Samuel Johnson (1709-1784) was the most famous literary figure of his period. He was a popular writer of journalism and of a widely-read work of fiction; a significant poet; an astute critic and editor; a theorist and practitioner of biography; and the author of the first useful dictionary of the English language. He also wrote a play–a verse tragedy called Irene (1749)–which was moderately successful on the stage but has never been much loved by readers or critics. And he wrote an account of a long trip he took to the Hebrides, A Journey to the Western Islands of Scotland (1773). He edited the works of Shakespeare and, late in life, provided critical introductions to a multivolume collection of works by English poets. In the range of his accomplishments and the kinds of influence he exerted in many different forms there is no one else quite like Samuel Johnson in the history of English literature.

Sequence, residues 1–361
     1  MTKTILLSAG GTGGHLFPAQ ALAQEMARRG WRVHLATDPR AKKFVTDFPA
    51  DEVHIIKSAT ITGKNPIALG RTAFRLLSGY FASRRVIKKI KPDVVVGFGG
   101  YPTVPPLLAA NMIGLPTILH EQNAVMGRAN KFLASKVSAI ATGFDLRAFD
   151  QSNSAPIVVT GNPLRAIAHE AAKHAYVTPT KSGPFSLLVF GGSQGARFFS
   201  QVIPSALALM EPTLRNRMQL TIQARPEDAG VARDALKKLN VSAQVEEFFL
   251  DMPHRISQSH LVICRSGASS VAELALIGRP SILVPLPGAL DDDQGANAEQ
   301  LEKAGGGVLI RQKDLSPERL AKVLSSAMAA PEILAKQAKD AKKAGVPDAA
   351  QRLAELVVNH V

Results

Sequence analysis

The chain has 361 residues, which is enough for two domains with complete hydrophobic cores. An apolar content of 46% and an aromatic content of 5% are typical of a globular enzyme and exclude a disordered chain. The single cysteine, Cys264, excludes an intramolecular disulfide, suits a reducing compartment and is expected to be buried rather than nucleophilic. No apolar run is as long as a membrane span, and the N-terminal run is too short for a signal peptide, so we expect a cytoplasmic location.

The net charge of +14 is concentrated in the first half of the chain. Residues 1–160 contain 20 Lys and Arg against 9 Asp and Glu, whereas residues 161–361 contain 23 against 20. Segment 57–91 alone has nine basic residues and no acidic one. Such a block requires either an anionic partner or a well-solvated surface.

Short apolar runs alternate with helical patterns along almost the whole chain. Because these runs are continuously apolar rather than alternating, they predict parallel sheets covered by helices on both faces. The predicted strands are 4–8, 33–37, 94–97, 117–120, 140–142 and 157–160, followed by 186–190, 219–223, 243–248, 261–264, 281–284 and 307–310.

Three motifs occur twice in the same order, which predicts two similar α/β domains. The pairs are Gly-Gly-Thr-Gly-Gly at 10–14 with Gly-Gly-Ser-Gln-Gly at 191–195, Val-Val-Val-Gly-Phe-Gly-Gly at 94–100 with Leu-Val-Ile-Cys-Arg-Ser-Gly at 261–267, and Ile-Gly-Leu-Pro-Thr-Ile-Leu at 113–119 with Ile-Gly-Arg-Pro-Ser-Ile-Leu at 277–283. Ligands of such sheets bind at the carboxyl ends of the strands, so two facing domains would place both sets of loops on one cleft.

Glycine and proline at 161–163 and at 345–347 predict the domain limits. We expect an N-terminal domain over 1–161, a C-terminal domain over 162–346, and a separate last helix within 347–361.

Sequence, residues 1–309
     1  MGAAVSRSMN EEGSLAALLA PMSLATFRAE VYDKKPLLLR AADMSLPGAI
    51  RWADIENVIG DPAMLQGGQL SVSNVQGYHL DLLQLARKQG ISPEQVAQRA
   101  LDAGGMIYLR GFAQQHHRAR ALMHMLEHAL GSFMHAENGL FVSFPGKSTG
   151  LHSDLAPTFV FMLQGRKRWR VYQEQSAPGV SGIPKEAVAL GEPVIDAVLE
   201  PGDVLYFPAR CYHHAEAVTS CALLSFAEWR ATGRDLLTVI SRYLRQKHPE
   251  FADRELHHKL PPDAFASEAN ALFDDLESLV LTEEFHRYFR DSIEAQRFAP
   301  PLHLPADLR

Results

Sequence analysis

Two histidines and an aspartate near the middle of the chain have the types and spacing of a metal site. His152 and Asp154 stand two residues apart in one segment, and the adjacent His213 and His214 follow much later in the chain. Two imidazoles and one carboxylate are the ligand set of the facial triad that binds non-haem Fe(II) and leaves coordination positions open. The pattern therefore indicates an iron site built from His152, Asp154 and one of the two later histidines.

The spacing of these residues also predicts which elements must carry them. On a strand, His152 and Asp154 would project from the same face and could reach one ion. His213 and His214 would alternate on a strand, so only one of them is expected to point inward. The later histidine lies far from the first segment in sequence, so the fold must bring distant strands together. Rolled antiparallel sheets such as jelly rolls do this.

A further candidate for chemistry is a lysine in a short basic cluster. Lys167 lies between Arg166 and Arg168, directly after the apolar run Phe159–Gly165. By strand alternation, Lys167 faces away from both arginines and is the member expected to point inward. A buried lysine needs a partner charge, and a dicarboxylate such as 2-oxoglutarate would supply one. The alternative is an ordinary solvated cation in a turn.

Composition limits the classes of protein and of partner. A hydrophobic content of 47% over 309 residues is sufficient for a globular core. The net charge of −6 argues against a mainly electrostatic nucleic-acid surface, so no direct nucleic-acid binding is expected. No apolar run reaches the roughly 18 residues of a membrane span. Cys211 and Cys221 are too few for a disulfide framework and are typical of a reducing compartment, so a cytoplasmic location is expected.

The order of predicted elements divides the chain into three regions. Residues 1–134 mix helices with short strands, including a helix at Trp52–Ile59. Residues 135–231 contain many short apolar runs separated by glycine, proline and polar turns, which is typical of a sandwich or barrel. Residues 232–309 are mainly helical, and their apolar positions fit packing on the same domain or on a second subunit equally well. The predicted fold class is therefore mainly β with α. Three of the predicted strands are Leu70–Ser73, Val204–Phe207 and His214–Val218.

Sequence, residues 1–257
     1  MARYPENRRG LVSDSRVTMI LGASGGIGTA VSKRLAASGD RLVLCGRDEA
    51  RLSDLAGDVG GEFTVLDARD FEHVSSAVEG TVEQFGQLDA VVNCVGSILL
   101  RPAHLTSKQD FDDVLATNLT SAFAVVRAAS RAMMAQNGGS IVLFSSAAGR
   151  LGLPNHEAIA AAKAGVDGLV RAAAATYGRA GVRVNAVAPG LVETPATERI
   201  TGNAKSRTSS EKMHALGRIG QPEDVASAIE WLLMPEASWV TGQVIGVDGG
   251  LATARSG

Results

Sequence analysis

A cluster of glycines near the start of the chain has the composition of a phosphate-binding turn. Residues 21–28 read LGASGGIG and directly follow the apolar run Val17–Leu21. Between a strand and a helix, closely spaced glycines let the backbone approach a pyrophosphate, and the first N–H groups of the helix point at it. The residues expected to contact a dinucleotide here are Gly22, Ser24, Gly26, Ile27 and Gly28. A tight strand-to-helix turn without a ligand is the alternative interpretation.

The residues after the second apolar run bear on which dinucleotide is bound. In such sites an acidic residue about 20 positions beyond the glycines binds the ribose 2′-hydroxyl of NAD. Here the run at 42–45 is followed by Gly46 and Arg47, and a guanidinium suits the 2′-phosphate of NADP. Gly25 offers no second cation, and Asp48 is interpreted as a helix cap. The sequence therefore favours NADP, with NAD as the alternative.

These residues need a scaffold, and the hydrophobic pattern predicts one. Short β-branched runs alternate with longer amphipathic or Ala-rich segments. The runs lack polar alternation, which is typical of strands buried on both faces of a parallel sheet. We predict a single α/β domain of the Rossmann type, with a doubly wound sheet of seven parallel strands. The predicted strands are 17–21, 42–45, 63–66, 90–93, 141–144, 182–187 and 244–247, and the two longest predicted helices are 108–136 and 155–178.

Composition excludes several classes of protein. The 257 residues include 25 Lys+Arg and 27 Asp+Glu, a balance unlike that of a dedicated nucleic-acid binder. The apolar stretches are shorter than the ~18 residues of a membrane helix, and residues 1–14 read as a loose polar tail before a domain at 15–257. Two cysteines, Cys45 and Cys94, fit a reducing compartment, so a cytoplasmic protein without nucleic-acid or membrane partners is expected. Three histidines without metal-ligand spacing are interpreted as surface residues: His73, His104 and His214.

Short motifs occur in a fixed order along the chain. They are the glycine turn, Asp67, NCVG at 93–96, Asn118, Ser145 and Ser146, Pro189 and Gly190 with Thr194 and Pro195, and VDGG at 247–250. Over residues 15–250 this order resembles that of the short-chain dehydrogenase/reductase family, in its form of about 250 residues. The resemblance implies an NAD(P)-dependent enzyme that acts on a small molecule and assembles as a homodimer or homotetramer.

Johnson became famous in his own time after the publication of the Dictionary of the English Language in 1755, hailed as “Dictionary Johnson” for accomplishing something that had seemed to many to be impossible. After his death, his personality as it was remembered by others often began to eclipse his writing, particularly after James Boswell published The Life of Samuel Johnson in 1791, a massive biography that was constructed in large part out of the extensive journals that Boswell kept based on the time that he spent together with Johnson starting in the 1760s. The image of “Dr. Johnson” that Boswell created, an argumentative talker and a staunch conservative, dominated the public and to a large extent the critical image of Johnson. But in the last few decades, critics and readers have returned to Johnson’s works, discovering the astonishing range of his interests and skills. And that’s appropriate: before he was an icon of a certain way of thinking about the eighteenth century, Johnson was a writer, working in almost all of the forms available to a writer in his period.